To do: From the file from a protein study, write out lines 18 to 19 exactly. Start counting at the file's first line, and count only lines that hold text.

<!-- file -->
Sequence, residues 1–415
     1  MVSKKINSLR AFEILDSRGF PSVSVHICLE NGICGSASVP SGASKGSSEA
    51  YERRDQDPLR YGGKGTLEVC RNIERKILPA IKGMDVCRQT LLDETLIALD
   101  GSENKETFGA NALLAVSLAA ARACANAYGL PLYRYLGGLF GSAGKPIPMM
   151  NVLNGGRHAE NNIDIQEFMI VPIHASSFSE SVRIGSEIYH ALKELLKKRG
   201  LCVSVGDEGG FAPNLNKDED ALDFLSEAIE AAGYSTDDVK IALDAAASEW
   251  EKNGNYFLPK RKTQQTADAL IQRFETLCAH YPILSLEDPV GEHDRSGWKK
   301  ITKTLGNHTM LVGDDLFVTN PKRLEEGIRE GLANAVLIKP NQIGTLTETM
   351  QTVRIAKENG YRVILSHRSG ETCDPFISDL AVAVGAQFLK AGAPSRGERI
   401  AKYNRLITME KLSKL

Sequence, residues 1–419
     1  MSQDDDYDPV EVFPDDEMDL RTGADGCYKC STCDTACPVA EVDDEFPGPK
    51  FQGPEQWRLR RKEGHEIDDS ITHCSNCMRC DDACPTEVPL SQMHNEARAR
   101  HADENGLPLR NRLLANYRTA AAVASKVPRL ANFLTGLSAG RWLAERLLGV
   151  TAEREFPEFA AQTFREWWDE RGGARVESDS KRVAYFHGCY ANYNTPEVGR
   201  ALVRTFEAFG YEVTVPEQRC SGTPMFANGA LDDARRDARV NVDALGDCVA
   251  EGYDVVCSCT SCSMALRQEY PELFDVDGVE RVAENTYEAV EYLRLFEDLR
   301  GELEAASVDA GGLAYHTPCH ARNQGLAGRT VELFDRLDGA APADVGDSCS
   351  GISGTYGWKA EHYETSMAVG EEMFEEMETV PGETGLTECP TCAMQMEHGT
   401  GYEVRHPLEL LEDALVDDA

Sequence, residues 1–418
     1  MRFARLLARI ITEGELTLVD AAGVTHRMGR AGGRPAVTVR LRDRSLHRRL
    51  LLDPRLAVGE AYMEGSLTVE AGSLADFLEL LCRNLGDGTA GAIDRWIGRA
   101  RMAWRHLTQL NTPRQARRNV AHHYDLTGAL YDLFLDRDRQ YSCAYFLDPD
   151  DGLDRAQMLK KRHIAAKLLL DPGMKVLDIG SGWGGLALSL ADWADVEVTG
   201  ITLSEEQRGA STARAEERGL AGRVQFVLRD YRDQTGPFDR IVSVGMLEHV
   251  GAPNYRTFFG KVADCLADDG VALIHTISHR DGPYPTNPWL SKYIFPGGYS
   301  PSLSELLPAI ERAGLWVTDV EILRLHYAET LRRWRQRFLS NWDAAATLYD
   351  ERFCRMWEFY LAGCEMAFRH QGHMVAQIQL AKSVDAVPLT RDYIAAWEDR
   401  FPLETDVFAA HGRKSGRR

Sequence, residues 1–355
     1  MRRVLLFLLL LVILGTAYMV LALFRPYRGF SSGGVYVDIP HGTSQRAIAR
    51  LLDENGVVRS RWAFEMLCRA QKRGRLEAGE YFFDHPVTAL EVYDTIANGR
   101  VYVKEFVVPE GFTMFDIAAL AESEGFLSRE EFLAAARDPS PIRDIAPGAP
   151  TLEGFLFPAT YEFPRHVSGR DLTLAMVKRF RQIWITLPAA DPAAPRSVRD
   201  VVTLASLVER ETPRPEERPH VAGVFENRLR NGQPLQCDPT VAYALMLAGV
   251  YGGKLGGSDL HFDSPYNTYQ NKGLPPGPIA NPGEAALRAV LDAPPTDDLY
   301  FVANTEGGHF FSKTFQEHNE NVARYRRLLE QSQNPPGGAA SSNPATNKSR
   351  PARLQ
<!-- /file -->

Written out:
   301  GELEAASVDA GGLAYHTPCH ARNQGLAGRT VELFDRLDGA APADVGDSCS
   351  GISGTYGWKA EHYETSMAVG EEMFEEMETV PGETGLTECP TCAMQMEHGT